CTFC ordered ARM to pay $200k for failing to register as a SEFView CFTC announcement
The order alleges that from about September 2017 to the present, ARM, a registered CTA, operated a trading system or platform in a manner that required the firm to be registered as a swap execution facility (SEF). The order states that ARM often recommended that clients execute swap transactions based on natural gas, natural gas liquids, or crude oil, and that following a client’s request for swap pricing ARM would submit pricing requests to potential counterparties, certain times to multiple potential counterparties with which the client had ISDA agreements, and other times to a specific potential counterparty identified by the client.
According to the order, after receiving proposed prices, ARM, if authorized by the client, would approve or reject a price based on the client’s pre-approved threshold, including by communicating “done” via chat or email, to execute the swap transaction, and ARM would also confirm the swap execution with the client. Where ARM did not have authority to execute the swap, it would typically participate in the client’s phone call with the relevant counterparty during which the client would agree to terms.
Based on our reading of the order, the CFTC’s finding that ARM violated SEF registration requirements is predicated on the fact that there were times ARM requested swap pricing from multiple potential counterparties when assisting clients in executing their swap transactions. The order cites the CFTC Staff Advisory issued last year on SEF registration requirements to support its finding.
How does this impact Mobius/our work with clients?
The order does not impact Mobius. At Mobius, we believe in market transparency and helping our clients evaluate their different hedging tools to meet their unique business needs. Mobius continues to provide bespoke market analysis and non-conflicted transaction support based on our clients’ unique capital objectives.
Like we have said previously, it is very much the opinion of Mobius that the process of transaction support that may (if appropriate and meeting client bespoke capital objectives) result in a hedge transaction is very much unique to each client’s needs, market conditions, and the role and abilities of their banking and hedging counterparties.
What is a SEF?
As we’ve noted before, a SEF is a relatively new type of regulated organized market, added to the Commodity Exchange Act in 2010. The statutory definition covers a trading system, platform or facility on which “multiple participants have the ability to execute or trade swaps by accepting bids and offers made by multiple participants in the facility or system, through any means of interstate commerce, including any trading facility.”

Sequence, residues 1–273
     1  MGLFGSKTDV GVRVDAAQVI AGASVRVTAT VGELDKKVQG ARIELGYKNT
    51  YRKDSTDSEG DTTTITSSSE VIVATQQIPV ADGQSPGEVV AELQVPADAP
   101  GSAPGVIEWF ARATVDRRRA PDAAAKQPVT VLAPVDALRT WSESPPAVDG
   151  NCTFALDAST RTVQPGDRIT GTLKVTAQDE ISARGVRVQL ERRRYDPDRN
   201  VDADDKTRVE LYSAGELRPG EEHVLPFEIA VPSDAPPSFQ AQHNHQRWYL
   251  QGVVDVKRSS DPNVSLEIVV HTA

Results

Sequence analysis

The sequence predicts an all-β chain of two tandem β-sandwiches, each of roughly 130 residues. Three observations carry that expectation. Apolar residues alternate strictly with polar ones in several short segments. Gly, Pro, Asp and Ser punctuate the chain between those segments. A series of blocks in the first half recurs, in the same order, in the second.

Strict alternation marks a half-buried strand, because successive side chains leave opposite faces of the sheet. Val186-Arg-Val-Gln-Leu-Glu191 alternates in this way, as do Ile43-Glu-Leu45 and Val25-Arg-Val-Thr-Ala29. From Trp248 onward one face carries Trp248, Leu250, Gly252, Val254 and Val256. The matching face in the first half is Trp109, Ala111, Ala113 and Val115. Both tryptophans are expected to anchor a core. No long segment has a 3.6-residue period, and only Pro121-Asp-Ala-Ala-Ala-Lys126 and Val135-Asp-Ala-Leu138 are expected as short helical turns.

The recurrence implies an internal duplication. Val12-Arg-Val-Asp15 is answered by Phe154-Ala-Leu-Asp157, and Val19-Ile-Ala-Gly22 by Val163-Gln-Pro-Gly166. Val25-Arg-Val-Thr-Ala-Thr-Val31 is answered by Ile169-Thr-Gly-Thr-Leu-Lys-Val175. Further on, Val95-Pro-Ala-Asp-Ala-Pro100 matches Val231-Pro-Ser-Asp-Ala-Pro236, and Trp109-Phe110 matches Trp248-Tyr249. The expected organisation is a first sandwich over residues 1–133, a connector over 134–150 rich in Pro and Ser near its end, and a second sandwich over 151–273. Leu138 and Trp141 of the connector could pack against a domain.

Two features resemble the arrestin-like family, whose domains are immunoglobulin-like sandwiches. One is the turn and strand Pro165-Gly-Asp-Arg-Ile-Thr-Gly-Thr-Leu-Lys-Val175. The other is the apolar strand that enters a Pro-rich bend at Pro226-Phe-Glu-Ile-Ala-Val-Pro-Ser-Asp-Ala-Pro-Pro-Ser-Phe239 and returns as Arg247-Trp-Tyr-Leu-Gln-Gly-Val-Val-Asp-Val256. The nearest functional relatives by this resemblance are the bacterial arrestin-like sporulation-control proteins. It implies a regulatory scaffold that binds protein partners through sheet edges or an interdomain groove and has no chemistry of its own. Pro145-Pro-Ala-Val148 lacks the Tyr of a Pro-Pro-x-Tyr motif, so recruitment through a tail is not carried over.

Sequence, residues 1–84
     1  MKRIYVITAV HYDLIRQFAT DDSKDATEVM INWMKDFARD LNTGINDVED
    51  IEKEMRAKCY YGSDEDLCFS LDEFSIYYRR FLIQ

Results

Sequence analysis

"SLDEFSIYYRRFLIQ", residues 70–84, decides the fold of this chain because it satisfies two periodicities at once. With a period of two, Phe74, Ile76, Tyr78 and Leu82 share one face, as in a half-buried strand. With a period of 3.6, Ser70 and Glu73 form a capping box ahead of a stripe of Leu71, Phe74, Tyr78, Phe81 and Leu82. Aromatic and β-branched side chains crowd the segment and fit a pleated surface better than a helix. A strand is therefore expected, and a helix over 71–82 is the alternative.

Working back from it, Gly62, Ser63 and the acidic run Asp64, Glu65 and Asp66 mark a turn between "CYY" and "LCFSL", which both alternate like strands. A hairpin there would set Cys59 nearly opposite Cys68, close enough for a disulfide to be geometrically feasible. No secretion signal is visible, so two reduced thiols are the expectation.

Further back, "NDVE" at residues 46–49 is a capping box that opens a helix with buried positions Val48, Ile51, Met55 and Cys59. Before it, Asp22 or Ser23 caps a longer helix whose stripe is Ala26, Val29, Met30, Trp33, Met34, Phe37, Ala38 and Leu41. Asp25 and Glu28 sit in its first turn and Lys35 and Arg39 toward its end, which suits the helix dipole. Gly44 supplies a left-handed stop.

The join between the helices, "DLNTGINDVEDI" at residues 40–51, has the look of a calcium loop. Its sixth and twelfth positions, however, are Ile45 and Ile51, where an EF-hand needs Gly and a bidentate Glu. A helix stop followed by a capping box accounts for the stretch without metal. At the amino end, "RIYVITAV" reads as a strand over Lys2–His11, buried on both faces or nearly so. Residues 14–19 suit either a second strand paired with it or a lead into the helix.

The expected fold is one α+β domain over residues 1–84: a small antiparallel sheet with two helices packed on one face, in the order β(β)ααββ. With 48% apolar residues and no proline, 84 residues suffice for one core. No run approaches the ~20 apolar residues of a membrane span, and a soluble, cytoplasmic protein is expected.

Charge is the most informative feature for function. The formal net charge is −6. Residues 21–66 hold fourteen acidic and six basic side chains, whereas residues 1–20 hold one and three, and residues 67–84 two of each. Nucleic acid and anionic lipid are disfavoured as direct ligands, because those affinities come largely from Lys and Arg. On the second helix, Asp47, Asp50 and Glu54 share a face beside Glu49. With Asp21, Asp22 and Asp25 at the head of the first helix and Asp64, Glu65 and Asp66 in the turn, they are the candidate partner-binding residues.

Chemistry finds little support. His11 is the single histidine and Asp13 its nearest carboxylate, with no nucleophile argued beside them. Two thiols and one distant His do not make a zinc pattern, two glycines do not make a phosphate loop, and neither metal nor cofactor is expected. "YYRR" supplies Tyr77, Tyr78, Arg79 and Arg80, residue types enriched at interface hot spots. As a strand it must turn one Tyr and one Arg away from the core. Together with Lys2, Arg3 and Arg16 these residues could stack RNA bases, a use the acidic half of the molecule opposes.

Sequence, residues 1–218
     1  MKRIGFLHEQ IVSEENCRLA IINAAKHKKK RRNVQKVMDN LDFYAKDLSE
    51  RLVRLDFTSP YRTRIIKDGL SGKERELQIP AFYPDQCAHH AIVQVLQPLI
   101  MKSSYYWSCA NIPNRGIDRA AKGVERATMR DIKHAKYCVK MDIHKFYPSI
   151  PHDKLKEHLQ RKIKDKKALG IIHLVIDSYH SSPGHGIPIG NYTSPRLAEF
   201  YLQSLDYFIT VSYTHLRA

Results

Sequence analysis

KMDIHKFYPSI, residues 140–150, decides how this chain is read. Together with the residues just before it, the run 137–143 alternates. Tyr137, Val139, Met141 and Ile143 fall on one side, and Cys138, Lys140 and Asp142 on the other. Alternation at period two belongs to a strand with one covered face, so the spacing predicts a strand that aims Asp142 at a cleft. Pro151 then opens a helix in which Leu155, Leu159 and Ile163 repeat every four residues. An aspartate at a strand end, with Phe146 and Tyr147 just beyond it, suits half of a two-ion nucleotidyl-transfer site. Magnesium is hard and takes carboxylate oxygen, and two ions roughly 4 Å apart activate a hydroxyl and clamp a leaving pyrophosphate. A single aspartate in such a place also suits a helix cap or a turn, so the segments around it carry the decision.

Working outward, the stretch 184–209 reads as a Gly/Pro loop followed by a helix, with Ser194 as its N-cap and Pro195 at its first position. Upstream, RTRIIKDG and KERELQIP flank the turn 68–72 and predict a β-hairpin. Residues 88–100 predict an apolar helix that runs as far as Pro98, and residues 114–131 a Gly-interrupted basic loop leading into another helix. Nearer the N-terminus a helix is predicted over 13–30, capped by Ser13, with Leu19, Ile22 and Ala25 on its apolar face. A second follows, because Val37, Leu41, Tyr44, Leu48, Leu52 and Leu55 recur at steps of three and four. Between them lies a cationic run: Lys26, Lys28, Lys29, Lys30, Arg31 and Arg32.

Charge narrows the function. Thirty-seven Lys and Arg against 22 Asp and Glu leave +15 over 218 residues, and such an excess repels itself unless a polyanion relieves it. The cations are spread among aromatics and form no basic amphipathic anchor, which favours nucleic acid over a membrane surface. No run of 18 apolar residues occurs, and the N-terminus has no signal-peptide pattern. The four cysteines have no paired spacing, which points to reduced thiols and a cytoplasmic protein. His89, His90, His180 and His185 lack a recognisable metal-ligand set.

Does Mobius need to register as a SEF?
Based on our careful analysis, we believe the answer is no. Mobius provides permissible bilateral transaction execution support to CTA clients to implement the bespoke recommendations made based on a client’s unique capital restraints and goals.
As a matter of practice, Mobius develops its own views on appropriate price levels for transacting by applying our market analytics to available sources of market data. We engage with a single potential counterparty at a time to solicit and negotiate pricing terms for a client’s swap transaction, and if trade terms cannot be agreed, only then do we move on to engage with another potential counterparty.
Does Mobius want to be a SEF?
No. We believe we provide quality, cost effective services to our clients, and we do not see any benefit to our clients if we were to register and operate as a SEF. We also do not see any demand or interest from our clients in having their swap transactions executed on a SEF. We recognize there may be appropriate circumstances for using a SEF, but there are also factors that may make executing on a SEF unattractive to a client, such as cost structure, the contractual terms to access the SEF, or the lack of participation of the client’s preferred trading counterparties.
Should you require additional information or have inquiries please contact:
Casey Ragsdale, President, email@example.com
Paul Smith, Chief Risk Officer, firstname.lastname@example.org
Phil Thompson, Vice President and Co-Head, Commodities Risk, email@example.com